Written by: Alan Davy
Port Sydney, Ontario
I could hardly believe my good fortune. It was my first season in the grouse woods and here I was about to enter a favorite cover with a wizened old pro. I knew that a serious grouse hunter would rather share a tooth brush with me than a treasured grouse cover.
The gnarled fingers of the master poked two slim shells into his bush worn twenty gauge side by side. I pulled my twelve gauge pump action from its case feeling like I was picking up a battle axe where a filleting knife was needed. He jutted his chin toward the tangled edge of brush running south from our position along the edge of an overgrown pasture. “Sun’s been shinin’ there a few hours warmin’ things up. Ol’ Ruff likes that when it’s frosty.”
We stepped off walking side by side about twenty feet apart. Within two hundred yards my mentor stopped and stared ahead silently. I saw nothing. Finally he said, Ol’ Ruff likes this spot. Flushed him here more times than not.”
“So what are we waiting for?”
“For him to make the next move.”
I figured I might as well warm my hands while we were waiting and stuffed them into my pockets. That was the brown bomber’s cue to lift off in front of us with thunderous wing beats crashing its way upward out of a dense tangle. My mentor had his gun up smartly and had fired both barrels before I had my gun firmly in both hands.
The bird crossed in front of us heading for the thicker cover. I was astonished that it could still fly after being shot twice by an expert and expected it to drop dead any minute. “It’d be okay to shoot any time,” he said. I stabbed the muzzle toward the feathered rocket, now becoming a speck, and fired as the bird disappeared behind a spruce tree.
The echo of my shot had barely faded when he faced me squarely and explained why he missed, “On the first shot, the low sun was flashing between the tree trunks and strobed my eyes. I never got hard look at it. On the second shot, that devil bird turned on a dime just when I pulled the trigger.” He looked at me expectantly. My heart was still aflutter. Why was he looking at me? Finally he said, “Well, How’d you come to miss?”
I didn’t know why I had missed. There were a lot of reasons. I wasn’t ready. How did I know they flush when I put my hands in my pockets? I thought he had hit it. I shot too late. They all sounded like lame excuses. An expert like him wouldn’t accept them. I blurted, “I don’t know.”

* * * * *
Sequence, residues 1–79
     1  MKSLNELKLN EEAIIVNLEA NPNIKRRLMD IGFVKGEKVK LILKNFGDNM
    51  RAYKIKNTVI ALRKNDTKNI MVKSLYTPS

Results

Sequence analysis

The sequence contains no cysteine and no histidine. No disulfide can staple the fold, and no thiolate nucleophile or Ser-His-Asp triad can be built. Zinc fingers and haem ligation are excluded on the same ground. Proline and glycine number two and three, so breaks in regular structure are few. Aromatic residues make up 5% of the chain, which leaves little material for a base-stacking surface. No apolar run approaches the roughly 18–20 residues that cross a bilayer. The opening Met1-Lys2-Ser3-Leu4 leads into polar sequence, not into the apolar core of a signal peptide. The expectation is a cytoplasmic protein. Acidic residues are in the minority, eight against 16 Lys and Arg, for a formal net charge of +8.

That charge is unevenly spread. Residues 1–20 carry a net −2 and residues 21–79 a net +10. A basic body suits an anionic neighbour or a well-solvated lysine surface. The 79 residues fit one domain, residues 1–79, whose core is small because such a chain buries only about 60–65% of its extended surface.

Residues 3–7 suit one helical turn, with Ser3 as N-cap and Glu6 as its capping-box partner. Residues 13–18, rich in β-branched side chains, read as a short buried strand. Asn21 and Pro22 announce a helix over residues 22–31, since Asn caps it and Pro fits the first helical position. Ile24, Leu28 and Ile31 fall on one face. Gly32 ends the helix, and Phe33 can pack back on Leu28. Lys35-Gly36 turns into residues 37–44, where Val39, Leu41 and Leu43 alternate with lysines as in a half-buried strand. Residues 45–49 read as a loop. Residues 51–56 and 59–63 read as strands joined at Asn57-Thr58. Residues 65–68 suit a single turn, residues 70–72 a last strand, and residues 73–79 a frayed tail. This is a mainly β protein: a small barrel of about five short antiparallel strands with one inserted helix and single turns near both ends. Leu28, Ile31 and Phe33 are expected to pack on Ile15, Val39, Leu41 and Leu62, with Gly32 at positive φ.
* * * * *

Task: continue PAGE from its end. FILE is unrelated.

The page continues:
He shook his head back and forth slowly and sadly then put two fresh shells in his gun. I felt pathetic. He snapped his gun shut and said, “Son, if you’re goin’ to last in this game you’ll need to develop some speed. It’s a game of instant reaction. Otherwise these birds’ll stomp all over you.” I nodded agreement confident this gem of truth would help me bag the next bush chicken we flushed.
We pushed brush for half an hour then fought or way through some dense saplings at the edge of an old orchard. A large, grey phase grouse erupted from behind the trunk of a tree on my right. My partner didn’t have a shot because I was between him and the grouse. I was on it quickly. “Develop some speed!”, he had said. The muzzle caught up to the target, passed through it and was just pulling ahead when the barrel struck a sapling, stopping my swing. Boom! The shot was behind. I stepped back while racking another round, focused hard on the bird and continued to swing. The sight picture looked right Boom! Six feet in front of the gun, the top half of a sapling jumped up in the air. It was severed cleanly from the bottom part of the tree by the full charge of number six pellets. I stood, mouth agape, staring at the severed tree while the big grouse escaped. The tree was two inches in diameter and it had absorbed the entire shot column.
Instantly I griped, “my barrel hit a tree stopping my swing just when I was about to pull the trigger. Nobody could’ve made that shot!” My mind felt nimble, agile, and quick. The excuses kept flowing. “Then this stupid tree jumped in front of my second shot. Did you see it jump up in the air? Where did it come from? I never saw it!” I picked up the top half of the sapling and handed it to him. “Can you believe this?”
He took it from me and examined the splintered end. A hint of a smile twitched at the corners of his mouth. “Son, I can’t believe how well you did. Those excuses came pouring out of you like a flood. That’s what I’ve been talking about; speed of reaction. Get those excuses out fast. Convince yourself that bird was yours if only this or if only that. Keep your confidence up. Otherwise, these birds’ll jes’ drive you out of the woods. There’s got to be a million ways to miss Ol’ Ruff, son. You’ll probably see most of ‘em.”